We are proud owners of the 1913 edition of the Crisco Cookbook. Hydrogenated cottonseed oil was developed as an alternative to tallow for use in candles, but as electric lighting displaced candles, Proctor & Gamble started selling the stiff waxy fat as not merely edible, but as delicious and nutritious. The book features gems such as “Brussels Sprouts with Crisco” and 600 other recipes calling for cups upon cups of “this rich, wholesome cream of nutritious food oils.”
It seems strange to many that there can be anything better than butter for cooking, or of greater utility than lard, and the advent of Crisco has been a shock to the older generation, born in an age less progressive than our own… But these good folk, when convinced, are the greatest enthusiasts. Grandmother was glad to give up the fatiguing spinning wheel.
The Importance of Giving Children Crisco Foods
Equip your children with good stomachs by giving them wholesome Crisco foods – foods which digest with ease…. They may eat Crisco doughnuts or pie without being chased by nightmares. Sweet dreams follow the Crisco supper.
Girls, especially, show at times a dislike for fat. It therefore is necessary that the fat … should be in the purest and most inviting form and should be one that their digestions welcome rather than repel.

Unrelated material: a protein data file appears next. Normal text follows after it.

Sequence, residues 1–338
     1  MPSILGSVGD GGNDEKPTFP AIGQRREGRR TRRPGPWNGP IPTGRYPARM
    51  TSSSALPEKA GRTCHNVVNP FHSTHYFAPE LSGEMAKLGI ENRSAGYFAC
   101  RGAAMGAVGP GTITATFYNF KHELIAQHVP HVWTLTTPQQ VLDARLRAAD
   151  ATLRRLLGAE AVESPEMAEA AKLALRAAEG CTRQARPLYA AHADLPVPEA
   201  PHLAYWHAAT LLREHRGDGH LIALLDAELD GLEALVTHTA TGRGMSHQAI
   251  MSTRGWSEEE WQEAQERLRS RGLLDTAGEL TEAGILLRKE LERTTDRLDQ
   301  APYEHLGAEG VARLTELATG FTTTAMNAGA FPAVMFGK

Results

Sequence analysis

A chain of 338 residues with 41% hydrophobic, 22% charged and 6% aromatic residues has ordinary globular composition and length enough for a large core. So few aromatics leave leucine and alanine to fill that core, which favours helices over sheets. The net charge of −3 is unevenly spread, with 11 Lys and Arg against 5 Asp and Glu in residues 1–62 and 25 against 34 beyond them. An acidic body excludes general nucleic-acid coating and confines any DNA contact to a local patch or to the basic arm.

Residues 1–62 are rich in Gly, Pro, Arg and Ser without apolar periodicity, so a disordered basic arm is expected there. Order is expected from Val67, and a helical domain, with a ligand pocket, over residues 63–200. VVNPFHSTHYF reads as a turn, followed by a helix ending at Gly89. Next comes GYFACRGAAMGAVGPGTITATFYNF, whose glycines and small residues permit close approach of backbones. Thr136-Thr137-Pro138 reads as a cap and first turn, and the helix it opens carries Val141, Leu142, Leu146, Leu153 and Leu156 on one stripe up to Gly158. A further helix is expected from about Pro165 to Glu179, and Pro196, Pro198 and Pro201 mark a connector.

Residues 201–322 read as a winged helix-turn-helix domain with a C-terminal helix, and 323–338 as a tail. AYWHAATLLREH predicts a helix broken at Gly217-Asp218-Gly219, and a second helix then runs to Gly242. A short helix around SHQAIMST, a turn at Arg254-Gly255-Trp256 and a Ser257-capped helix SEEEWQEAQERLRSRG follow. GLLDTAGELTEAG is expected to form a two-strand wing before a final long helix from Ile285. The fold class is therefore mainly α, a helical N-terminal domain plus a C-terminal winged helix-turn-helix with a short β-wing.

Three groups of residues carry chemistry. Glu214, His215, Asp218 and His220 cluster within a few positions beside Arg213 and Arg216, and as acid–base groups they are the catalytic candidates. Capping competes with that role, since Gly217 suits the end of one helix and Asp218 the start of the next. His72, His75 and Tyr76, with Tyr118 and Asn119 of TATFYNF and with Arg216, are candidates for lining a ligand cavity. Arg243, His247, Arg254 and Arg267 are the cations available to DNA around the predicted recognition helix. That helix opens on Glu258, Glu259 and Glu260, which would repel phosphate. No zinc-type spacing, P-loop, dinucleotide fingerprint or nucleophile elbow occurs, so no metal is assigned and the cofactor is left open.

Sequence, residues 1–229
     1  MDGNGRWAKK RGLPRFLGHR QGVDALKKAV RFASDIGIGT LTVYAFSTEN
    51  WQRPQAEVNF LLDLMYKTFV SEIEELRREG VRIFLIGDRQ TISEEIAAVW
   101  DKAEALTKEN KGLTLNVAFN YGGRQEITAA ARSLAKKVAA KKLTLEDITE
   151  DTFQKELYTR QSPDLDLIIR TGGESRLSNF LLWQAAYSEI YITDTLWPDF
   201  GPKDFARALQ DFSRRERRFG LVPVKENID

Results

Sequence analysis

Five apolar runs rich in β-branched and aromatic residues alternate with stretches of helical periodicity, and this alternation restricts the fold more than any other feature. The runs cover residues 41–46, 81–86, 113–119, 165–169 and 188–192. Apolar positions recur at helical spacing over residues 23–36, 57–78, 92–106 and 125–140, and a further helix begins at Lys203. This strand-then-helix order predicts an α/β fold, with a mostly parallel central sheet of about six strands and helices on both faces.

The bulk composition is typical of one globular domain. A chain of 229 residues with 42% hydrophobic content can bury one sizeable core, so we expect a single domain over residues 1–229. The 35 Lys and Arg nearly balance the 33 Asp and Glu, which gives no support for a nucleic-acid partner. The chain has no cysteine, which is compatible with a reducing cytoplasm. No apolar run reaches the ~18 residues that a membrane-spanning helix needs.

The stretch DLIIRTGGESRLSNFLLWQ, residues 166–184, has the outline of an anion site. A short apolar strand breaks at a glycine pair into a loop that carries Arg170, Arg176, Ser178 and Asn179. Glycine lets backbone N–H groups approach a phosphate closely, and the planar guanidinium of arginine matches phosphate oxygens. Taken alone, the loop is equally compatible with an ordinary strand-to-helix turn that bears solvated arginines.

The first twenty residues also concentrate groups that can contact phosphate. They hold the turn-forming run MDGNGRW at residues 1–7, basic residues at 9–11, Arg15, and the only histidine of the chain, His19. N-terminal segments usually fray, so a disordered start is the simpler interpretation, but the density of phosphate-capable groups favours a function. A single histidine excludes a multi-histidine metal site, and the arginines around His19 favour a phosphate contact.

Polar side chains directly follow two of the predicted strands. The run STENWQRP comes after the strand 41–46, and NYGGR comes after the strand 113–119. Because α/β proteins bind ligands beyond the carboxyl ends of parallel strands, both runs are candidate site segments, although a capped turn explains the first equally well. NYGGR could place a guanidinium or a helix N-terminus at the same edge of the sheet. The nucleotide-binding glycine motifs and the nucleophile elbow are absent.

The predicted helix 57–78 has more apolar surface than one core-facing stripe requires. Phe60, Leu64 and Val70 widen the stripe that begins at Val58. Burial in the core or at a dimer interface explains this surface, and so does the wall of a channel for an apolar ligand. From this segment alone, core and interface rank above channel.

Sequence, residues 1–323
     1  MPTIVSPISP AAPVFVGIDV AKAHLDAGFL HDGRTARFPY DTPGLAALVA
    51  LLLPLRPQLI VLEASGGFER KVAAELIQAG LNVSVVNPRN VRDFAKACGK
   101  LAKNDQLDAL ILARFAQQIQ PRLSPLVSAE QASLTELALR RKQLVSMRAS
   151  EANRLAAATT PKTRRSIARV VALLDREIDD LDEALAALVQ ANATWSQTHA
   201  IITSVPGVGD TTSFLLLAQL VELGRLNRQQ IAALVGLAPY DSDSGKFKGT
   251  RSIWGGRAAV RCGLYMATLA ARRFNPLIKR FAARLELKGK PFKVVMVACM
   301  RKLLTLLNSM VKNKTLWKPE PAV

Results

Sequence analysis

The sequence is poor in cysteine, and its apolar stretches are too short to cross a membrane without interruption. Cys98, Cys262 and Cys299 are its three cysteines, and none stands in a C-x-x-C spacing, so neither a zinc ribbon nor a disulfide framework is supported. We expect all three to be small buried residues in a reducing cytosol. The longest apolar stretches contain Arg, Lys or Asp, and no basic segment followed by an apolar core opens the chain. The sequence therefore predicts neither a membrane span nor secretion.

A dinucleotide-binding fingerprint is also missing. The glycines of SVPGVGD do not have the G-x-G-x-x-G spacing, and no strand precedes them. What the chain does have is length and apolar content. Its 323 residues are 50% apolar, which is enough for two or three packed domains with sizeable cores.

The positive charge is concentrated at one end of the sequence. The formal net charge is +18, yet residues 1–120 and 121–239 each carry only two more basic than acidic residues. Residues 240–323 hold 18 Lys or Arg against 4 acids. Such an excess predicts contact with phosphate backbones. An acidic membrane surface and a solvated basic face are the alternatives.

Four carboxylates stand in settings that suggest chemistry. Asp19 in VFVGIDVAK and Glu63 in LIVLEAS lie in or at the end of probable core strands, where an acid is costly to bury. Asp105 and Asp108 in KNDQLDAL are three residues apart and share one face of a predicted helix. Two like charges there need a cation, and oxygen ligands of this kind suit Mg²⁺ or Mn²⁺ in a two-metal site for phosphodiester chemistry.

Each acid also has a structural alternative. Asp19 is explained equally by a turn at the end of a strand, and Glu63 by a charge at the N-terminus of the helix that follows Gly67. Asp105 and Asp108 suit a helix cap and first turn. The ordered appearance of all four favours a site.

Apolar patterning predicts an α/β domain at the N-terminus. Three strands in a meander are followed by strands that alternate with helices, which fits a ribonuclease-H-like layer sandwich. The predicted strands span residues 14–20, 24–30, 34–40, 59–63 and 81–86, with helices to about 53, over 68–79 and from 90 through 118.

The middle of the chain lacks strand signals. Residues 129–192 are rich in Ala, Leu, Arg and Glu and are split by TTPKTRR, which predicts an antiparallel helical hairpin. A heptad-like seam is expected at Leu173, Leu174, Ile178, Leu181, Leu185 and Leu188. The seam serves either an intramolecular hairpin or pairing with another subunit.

Rabbi Margolies of New York said that the Hebrew Race had been waiting 4,000 years for Crisco.
And so on. Here I thought it was the Christ, but the advent of Crisco was the big event.
When Crisco was introduced in 1911, automobile registration in the US was a mere 600,000. The nation moved primarily on light and heavy rail, on horses, and on human power. There were some 20 million bicycles in use among a population of 90 million, and cyclists led the way in paving our roads. Our home was built in 1910 in one of the so-called streetcar suburbs of Portland, today no longer considered suburban even though the population density is lower than it once was. It’s still a lovely, walkable neighborhood. Suburbia today is so sparsely populated that pedestrians are generally helpless unless it’s to fetch the mail, or their walking is strictly leisure.
Automobile registrations in the US increased nearly fourteen-fold in nine years, during which time the Crisco Cookbook enjoyed eight reprintings. In 1920, US passenger rail use peaked: downhill ever since. By the late 1920s, zoning laws had been established throughout the country, regulating land use in such a way as to cement the hegemony of the automobile through the greater distances imposed between people, services, and Crisco factories. Bicycle use had plummeted to below 4 million. The streetcars ran into our neighborhood, as in many cities, until the 1950s, when the rails were torn up under the wolven custodianship of General Motors, Firestone Tire, and Standard Oil. Only children rode bicycles, unless they were in France, or communists.